They were honestly completely fine with that. They know they still have access to other books at school or the community library. Abby, my oldest, was mature enough to decide on her own which books she felt like she was finished with and could benefit other kids more than they could sitting on her shelf. She liked the idea that she could help other kids who didn’t have as many books as she did. We donated most of our books, but we did set some aside to try to sell through a buyback program. The kids liked the idea that they could earn some pocket money that way as well.
Tip: I find it also help to be honest with myself about why we own certain things. We had quite a few classic books like Little Women, Little House on the Prairie, or Newberry winners that my kids have tried but didn’t particularly like. I was keeping them just because they are classics and I wished my kids liked them. And I liked the idea of having our very own library. When I was little, I was the kid who would sit in my room reading C.S. Lewis. But none of my children are, even though in my imagination that would be great. They prefer more modern stories, and honestly that’s okay. In reality, my kids, even the avid readers, just aren’t very interested right now in spending their free time reading classic literature, and if they are in the future it is very easy to find those titles at school or our local library. Some classics, like just about everything I read in high school English, are in the public domain and can even be downloaded instantly for free on Amazon if/when we decide we’d like to read them. Even though a small part of my brain was telling me I should keep some things for what if or one day, I let many of them go.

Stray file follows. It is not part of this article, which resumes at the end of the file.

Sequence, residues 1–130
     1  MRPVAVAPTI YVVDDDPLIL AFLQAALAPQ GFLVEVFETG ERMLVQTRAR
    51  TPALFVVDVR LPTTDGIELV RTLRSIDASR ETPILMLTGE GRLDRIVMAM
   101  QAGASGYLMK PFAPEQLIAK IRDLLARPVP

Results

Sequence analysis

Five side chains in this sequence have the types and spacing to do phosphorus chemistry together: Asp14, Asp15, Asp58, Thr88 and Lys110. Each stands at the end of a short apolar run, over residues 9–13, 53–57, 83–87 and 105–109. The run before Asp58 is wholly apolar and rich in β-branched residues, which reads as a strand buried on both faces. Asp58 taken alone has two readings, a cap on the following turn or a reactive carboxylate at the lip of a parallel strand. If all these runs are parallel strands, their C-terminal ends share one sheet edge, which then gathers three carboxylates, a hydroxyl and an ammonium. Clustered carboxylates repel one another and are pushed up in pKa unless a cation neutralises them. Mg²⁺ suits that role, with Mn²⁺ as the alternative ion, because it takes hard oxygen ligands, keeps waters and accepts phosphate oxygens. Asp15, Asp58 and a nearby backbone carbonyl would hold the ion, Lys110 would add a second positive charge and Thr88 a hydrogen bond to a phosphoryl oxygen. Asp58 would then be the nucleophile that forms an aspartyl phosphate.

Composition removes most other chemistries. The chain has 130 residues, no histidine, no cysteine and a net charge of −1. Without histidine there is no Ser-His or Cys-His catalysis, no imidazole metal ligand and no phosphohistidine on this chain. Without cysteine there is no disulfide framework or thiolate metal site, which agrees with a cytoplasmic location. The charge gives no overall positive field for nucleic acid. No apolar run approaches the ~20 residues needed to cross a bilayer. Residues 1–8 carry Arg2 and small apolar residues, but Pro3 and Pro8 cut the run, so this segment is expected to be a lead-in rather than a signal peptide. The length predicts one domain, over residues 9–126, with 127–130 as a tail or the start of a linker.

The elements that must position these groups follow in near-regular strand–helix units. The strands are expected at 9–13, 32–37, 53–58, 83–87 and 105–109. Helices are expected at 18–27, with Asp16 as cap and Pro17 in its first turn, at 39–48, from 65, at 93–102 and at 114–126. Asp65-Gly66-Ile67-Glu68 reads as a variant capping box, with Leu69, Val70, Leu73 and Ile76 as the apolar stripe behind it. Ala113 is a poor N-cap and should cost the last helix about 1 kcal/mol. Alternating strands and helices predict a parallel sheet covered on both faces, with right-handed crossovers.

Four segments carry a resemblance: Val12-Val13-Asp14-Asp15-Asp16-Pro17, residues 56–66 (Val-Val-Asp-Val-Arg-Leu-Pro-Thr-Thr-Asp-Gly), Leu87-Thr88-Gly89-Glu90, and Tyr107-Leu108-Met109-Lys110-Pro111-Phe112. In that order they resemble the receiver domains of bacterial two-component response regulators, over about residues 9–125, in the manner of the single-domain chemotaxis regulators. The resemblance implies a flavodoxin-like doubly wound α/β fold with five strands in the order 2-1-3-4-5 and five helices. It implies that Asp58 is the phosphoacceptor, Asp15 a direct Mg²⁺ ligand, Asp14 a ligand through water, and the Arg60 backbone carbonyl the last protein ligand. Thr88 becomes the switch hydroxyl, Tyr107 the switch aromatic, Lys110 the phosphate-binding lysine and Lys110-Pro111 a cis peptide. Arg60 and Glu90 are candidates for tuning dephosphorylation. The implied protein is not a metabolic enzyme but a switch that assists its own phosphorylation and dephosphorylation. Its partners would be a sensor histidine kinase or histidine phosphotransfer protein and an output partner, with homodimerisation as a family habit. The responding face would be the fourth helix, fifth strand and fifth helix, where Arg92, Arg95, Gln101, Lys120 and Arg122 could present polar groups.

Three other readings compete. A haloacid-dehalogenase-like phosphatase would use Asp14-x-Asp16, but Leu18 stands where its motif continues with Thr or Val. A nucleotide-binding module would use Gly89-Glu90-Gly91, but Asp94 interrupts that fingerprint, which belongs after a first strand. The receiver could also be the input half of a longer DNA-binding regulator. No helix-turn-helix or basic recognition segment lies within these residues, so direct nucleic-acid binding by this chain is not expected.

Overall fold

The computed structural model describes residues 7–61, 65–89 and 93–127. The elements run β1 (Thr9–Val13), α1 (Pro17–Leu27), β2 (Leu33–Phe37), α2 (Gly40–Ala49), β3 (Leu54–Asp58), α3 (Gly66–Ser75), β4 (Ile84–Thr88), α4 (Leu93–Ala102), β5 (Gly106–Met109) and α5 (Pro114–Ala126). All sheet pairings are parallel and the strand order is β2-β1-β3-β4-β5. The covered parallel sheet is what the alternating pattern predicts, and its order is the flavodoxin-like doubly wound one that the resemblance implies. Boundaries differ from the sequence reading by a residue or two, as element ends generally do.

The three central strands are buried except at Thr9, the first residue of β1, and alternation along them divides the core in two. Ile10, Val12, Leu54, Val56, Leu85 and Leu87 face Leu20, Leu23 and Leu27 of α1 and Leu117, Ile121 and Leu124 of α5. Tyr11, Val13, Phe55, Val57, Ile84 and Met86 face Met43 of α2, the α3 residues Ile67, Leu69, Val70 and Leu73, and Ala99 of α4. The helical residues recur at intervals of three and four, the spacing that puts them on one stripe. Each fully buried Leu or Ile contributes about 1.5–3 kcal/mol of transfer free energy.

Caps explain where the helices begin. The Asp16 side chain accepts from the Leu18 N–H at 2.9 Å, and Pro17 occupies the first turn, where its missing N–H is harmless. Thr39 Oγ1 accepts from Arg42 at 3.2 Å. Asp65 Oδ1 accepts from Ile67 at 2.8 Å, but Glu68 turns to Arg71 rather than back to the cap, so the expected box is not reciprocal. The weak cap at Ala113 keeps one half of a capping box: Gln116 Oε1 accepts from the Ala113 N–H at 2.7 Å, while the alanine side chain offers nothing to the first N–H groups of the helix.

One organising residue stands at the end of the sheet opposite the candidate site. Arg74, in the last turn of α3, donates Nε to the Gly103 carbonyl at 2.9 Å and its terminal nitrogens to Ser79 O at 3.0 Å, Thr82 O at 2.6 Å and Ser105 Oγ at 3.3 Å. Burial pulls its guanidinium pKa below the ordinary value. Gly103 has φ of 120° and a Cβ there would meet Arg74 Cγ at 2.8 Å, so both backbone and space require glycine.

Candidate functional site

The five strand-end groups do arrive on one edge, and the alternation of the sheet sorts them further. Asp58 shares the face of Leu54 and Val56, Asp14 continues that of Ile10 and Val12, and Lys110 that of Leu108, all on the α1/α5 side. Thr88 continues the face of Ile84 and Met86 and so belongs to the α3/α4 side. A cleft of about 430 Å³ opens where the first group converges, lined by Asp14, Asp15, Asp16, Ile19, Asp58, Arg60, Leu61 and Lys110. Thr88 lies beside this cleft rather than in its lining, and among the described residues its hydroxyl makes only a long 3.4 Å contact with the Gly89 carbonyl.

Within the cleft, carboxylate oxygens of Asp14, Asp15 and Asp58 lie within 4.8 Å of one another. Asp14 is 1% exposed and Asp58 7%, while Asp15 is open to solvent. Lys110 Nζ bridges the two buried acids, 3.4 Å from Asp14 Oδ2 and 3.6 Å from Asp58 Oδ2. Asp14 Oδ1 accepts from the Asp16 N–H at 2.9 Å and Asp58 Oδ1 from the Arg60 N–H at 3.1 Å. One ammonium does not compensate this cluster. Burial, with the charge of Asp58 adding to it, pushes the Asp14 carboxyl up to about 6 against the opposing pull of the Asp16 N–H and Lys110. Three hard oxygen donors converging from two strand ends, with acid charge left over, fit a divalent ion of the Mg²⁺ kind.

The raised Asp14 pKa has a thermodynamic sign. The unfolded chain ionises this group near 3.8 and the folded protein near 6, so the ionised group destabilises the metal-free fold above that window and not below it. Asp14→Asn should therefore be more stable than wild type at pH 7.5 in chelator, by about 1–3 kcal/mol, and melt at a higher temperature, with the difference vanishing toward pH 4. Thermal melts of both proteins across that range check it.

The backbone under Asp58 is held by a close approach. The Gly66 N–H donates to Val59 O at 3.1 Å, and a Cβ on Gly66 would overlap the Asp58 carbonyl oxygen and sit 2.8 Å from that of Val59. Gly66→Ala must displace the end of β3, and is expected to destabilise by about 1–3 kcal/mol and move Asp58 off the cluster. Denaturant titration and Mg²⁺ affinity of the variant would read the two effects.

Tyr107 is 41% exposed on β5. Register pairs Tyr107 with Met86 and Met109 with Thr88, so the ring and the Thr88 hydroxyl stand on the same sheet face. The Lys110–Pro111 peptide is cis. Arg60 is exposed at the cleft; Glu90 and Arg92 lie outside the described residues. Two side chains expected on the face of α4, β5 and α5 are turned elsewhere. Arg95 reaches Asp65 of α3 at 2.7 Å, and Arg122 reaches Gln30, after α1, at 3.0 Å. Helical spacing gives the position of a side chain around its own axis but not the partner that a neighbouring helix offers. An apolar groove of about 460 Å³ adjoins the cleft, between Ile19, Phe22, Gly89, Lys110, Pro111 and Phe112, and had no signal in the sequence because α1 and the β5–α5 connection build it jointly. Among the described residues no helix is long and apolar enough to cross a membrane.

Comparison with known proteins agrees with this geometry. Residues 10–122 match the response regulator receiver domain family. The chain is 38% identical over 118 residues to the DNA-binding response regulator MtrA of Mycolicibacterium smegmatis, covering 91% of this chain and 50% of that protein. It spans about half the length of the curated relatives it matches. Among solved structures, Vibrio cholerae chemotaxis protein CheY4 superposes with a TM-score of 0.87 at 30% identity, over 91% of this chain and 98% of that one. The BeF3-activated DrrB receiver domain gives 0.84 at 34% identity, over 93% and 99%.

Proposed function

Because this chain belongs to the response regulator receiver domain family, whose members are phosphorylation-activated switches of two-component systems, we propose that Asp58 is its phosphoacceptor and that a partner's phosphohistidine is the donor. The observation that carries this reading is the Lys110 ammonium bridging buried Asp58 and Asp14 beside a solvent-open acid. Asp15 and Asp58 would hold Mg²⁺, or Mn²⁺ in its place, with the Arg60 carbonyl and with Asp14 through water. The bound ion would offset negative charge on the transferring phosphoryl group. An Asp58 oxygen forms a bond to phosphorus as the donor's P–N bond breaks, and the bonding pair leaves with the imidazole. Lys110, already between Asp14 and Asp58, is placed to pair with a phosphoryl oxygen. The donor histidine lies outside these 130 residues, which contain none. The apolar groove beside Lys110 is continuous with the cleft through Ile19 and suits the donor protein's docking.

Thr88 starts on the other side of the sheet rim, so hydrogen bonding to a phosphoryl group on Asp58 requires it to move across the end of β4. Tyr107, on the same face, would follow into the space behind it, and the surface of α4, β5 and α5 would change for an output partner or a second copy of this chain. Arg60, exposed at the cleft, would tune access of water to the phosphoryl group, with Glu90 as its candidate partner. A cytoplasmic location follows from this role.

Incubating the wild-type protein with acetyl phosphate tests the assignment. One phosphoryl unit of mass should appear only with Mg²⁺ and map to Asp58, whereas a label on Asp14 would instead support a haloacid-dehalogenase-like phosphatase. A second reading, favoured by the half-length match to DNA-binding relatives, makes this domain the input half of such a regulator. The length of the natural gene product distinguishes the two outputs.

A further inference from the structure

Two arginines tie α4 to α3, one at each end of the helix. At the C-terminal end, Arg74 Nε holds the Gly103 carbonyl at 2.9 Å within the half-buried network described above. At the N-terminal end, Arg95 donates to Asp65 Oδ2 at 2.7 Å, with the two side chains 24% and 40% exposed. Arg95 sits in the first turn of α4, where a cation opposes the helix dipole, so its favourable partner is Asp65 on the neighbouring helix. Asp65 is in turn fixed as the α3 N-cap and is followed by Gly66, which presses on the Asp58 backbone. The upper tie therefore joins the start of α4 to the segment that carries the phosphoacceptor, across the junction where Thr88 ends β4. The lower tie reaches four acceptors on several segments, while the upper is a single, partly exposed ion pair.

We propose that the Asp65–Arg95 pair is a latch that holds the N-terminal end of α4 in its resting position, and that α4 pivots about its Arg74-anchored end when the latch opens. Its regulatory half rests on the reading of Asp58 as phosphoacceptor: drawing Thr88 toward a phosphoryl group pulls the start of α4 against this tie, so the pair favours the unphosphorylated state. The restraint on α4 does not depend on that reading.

We also found that we have been spending quite a bit more time looking for free family activities that get us outside. We have been frequenting our local parks more (it does help that the weather has improved quite a bit). But even at our house, the kids have discovered some activities they really enjoy. Our younger son found a kite in the garage during our clean-out process and has been flying it just about every day since. The kids have developed healthier habits this way as well. We are packing a picnic dinner or taking our reusable water bottles, whereas in the past we might have just stopped for fast food on the way home.
This month we cleared out an additional:
2 bags of linens
2 bags of trash from the kids’ linen closet (expired medicines, etc)
3 boxes from the garage
2 bags of misc trash
1 box of picture frames + several large frames
2 boxes of keepsakes
3 bags of trash
**We found $75 in unused gift cards while going through a shoe box of old birthday cards
1 dresser- Our boys’ dresser was broken. Eddie and I had cleared out so many clothes that we were able to consolidate our stuff into one dresser and pass the extra dresser from our room onto the boys. This saved us at least $100 because we didn’t need to go buy another dresser for the boys.